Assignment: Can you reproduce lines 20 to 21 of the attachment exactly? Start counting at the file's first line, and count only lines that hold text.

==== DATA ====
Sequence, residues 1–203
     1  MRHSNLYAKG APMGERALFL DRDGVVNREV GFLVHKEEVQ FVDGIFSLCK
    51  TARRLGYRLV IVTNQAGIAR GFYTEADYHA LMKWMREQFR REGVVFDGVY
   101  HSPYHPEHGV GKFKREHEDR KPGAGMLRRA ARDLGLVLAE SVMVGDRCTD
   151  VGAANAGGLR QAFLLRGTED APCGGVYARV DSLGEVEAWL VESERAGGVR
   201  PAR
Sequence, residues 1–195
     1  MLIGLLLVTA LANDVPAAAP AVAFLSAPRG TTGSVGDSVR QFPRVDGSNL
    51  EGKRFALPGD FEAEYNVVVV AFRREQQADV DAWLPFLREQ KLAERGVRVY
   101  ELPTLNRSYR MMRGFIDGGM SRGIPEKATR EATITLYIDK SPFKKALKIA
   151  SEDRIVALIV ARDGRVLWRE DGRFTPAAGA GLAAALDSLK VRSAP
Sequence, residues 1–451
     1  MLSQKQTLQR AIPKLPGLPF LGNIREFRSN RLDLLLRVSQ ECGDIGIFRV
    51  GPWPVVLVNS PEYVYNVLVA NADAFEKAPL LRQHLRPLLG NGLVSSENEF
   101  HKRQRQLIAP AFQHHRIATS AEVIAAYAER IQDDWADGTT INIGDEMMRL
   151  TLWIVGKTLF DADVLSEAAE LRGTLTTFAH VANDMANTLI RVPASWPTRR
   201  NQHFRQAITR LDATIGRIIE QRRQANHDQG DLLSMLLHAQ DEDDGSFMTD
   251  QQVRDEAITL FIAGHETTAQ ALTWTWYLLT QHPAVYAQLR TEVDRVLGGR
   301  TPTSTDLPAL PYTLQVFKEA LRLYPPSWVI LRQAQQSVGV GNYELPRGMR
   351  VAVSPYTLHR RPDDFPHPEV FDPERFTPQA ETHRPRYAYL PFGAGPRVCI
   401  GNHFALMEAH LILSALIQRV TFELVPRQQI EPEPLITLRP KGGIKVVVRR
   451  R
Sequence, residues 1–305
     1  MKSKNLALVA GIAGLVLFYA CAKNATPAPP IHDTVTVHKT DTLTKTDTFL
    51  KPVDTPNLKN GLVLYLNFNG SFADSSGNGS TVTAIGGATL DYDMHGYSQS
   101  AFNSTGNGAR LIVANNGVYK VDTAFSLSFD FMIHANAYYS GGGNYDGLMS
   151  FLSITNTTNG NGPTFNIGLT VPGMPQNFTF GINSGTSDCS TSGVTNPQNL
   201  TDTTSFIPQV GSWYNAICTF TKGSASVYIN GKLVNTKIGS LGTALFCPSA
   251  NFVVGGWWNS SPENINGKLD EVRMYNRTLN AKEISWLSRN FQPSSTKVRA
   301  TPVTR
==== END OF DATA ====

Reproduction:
   351  VAVSPYTLHR RPDDFPHPEV FDPERFTPQA ETHRPRYAYL PFGAGPRVCI
   401  GNHFALMEAH LILSALIQRV TFELVPRQQI EPEPLITLRP KGGIKVVVRR